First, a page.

By David Penney
A FORMER PRESIDENT of Enactus Memorial, she was a leader with Memorial’s World Cup-winning team of student volunteers — a group that works on projects to improve lives and create opportunities through entrepreneurial action and socially responsible enterprises.
One of those initiatives was the highly successful SucSeed.
The hydroponic systems at the centre of this initiative address issues of food security and sustainability, while also providing vocational training that employs disadvantaged young people through a partnership with Choices for Youth.
Ms. Bland now runs the business as a social enterprise independent of Enactus Memorial.
“SucSeed experienced rapid growth after the Enactus World Cup win in 2016 and it continued after our second place finish in 2017,” she said. “We all quickly realized it was expanding beyond what the student volunteer team could support, so I pitched the idea of me taking it on full-time. The team was on board and I took a big leap. I decided to quit my job at Ernst & Young and switched gears from being a CPA to an entrepreneur.”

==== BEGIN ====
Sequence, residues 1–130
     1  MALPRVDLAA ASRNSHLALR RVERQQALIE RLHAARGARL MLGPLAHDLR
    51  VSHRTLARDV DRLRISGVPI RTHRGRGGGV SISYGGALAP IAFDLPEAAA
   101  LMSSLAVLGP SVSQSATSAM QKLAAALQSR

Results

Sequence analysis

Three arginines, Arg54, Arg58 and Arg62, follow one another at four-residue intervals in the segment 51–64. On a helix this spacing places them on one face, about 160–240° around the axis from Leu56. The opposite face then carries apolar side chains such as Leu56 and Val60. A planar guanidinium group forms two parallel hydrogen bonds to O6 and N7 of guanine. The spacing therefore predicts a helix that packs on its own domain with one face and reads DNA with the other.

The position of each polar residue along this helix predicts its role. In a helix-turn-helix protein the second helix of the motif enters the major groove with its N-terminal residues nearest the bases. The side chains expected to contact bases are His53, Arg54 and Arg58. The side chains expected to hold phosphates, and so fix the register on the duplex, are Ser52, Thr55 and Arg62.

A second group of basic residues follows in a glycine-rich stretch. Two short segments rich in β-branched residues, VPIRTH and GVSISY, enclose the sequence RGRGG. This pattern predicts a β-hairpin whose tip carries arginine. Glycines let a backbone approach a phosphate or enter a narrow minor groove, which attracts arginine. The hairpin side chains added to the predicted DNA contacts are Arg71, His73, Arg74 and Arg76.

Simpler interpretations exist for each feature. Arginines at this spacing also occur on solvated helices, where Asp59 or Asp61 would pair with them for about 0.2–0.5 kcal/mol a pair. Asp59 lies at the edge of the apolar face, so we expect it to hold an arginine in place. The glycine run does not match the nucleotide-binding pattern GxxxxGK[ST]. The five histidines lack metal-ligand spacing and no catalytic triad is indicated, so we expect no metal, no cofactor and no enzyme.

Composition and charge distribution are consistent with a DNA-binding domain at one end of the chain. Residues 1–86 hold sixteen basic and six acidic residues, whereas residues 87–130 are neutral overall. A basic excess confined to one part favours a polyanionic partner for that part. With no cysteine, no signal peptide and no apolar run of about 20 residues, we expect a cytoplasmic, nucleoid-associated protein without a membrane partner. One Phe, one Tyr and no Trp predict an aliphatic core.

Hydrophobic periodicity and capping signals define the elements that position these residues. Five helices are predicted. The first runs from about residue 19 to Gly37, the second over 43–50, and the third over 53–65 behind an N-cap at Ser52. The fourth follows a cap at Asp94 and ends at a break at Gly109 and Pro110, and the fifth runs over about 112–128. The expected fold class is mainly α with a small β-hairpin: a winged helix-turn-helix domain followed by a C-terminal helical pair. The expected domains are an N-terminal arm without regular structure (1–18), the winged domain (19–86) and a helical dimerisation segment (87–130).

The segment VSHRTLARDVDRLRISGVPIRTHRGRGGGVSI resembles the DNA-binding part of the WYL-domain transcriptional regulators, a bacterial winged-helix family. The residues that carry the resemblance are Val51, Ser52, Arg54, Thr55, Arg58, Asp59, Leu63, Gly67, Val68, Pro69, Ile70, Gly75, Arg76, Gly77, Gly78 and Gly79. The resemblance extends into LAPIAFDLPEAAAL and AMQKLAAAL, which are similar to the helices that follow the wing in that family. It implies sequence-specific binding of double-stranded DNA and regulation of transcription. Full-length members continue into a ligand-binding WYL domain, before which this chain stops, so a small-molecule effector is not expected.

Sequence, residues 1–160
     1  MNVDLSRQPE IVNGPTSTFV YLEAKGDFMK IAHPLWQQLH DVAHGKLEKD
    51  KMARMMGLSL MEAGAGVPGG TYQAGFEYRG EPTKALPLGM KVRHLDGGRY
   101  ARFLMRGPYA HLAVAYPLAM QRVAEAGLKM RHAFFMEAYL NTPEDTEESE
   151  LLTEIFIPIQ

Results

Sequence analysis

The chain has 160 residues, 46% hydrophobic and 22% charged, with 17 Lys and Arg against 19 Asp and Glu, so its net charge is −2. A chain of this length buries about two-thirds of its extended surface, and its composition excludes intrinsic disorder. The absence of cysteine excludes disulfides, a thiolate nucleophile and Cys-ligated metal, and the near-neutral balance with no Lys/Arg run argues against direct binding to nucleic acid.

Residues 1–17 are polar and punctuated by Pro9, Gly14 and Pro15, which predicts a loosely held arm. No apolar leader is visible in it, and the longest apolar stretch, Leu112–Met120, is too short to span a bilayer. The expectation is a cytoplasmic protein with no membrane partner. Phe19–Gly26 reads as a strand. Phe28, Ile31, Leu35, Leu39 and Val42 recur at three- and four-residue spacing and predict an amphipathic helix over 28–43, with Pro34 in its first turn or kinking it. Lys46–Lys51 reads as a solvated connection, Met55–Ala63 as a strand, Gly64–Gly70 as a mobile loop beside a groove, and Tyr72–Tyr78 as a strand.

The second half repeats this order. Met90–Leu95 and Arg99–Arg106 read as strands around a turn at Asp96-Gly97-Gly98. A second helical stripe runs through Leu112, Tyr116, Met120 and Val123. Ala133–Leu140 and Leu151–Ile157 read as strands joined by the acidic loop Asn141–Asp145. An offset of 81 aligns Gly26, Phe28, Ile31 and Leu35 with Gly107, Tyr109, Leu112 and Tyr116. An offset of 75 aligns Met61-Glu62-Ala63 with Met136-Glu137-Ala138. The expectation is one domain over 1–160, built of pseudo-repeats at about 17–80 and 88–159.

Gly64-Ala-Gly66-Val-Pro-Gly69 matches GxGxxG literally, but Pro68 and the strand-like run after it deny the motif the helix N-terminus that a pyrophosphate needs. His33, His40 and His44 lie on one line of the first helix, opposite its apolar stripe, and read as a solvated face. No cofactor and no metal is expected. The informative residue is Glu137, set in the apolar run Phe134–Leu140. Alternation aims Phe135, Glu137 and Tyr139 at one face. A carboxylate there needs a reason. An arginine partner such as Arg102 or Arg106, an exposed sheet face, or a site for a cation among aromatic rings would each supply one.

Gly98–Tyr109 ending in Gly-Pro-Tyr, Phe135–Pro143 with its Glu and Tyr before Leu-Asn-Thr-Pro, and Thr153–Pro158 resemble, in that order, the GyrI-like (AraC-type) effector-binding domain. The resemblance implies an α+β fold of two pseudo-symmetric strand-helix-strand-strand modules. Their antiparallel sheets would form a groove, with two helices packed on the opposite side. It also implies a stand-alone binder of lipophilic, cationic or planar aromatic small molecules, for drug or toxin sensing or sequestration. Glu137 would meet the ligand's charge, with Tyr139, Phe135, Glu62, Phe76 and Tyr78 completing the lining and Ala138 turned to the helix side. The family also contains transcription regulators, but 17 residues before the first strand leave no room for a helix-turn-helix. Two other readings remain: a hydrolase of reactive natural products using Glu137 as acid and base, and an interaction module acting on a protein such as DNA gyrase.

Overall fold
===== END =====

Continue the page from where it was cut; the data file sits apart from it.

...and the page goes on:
Thanks to a strong foundation of entrepreneurial education through the Enactus program, support from Memorial’s Centre for Social Enterprise and now as a client of Genesis, Ms. Bland knows better than anyone the importance of creating a culture of innovation and entrepreneurship at Memorial — it’s a local platform with global potential.
Currently SucSeed is based out of Genesis; they’ve hired a head of operations and grown the team to five full-time employees, four of whom are MUN grads.
“We’re doing that while continuing to work with Tim Horton’s to put our systems in every school across the country to educate over 1.3 million young Canadians,” said Ms. Bland. “But the focus on growing this across Canada is just the beginning. We see potential for global expansion as well — our systems can be an important part of how we address food security not only in this country, but around the world.”